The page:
Guinea pigs LOVE fresh vegetables and dark leafy greens. If you can buy organic, even better. It’s best to offer 1 cup of veggies per guinea pig per day. I usually give our piggie ½ cup in the morning and ½ cup in the evening. Rotating the greens and vegetables you give helps add variety to a guinea pig’s diet. Don’t go overboard – greens and veggies have a high water content, which can cause an upset tummy and even diarrhea. Remember to introduce any new vegetables gradually and rinse thoroughly before feeding. 

A few examples of what guinea pigs can eat:

Romaine and green leaf lettuce






Bell peppers





Vegetables and greens should comprise approximately 5%-10% of a guinea pig’s diet.

Want a convenient list of greens and vegetables to feed? Download my Guinea Pig Grocery List and head to the store!

Guinea Pig Diet – Fruit and Commercial Treats

You can give guinea pigs fruit but only a tiny amount once a week. Fruits are high in sugar which can cause some diarrhea or your guinea pig may become picky with their food. Commercial treats are ok too (in very small amounts) but avoid popcorn, crackers, nuts, seeds, and yogurt drops. They just have too much sugar for a guinea pig. Low sugar, high fiber hay treats can be offered infrequently as a great way to encourage interaction and to bond with your piggie.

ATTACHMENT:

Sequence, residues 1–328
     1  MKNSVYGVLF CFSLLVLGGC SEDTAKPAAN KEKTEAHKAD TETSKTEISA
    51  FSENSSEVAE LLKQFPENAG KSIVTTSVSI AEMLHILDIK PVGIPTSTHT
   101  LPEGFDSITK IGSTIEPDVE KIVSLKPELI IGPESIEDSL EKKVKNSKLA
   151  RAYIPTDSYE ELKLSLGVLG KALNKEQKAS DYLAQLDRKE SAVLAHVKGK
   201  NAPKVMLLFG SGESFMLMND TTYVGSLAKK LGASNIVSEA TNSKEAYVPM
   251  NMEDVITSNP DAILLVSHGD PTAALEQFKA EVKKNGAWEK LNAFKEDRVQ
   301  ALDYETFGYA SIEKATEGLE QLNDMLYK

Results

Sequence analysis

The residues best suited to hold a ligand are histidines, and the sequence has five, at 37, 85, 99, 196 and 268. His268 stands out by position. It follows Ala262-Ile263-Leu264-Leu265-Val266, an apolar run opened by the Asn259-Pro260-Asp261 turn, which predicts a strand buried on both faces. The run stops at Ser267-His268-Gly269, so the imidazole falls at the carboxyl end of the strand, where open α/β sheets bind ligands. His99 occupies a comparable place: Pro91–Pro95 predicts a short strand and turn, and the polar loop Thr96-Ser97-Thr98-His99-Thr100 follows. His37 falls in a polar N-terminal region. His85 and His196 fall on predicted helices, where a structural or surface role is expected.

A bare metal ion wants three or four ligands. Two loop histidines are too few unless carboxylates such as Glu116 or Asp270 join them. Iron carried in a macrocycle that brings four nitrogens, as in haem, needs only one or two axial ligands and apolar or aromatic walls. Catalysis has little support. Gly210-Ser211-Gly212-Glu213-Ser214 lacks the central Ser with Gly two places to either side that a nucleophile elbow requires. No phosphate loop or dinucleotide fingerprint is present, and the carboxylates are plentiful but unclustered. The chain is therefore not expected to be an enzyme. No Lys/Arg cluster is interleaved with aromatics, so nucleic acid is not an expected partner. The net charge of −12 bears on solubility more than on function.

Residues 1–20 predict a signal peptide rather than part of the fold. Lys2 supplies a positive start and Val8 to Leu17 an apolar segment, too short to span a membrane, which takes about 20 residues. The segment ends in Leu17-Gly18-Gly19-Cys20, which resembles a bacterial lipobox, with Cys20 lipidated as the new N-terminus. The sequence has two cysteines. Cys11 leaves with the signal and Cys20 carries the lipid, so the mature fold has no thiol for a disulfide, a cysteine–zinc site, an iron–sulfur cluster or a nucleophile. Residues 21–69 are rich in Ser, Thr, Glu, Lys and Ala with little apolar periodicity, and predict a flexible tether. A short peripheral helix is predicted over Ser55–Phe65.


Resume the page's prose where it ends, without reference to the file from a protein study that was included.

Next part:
What to Watch for – Healthwise

The most common reason guinea pigs are taken to the vet is for nutrition or digestive problems related to their diet. Feeding your guinea pig an appropriate diet of hay, pellets, and vegetables will keep your guinea pig’s gastrointestinal system healthy. Dental issues and obesity can also stem from unhealthy food offerings. If you notice any of the below symptoms, you should contact your Veterinarian as soon as possible:

Lethargy, not moving around as much

Sore or red feet

Urine with blood present

Bald patches of fur

Loose stool or pellets

Decreased appetite and/or water intake

*Not eating or defecating for more than 12 hours is a medical emergency, and your guinea pig should be seen by a Veterinarian immediately.

It is very important that your piggie sees a Veterinarian at least once a year. They should be weighed and examined thoroughly. Make sure to know what your guinea pig is eating, their normal behavior, and pooping frequency, as this information is vital to the veterinary team. They want to work with you to keep your guinea pigs as healthy as possible.

Guinea pigs are great pets and are not too challenging to take care of and maintain. My best advice is to feed them a healthy diet and give them plenty of room to play and forage. Feel free to download and print my Guinea Pig Grocery List for your next shopping trip to help you pick out the best veggies to offer. Leave any feedback that you have in the comments. 

Until next time,

For the love of pets,

Dr. Gina

Dr. Georgina Ushi is a veterinarian and freelance medical writer. She received her Doctorate from the University of Florida College of Veterinary Medicine in 2009. She currently works in the Tampa Bay area, providing compassionate care to dogs and cats. Alongside her clinical work, Dr. Ushi consults for pet well-being brands and writes health articles for her blog, Pet Health Love. She is passionate about sharing her knowledge to educate and inspire fellow pet owners. Dr. Ushi’s professional interests include emergency and critical care, wildlife medicine, nutrition, and hospice and palliative care.

Leave feedback about this

  • Rating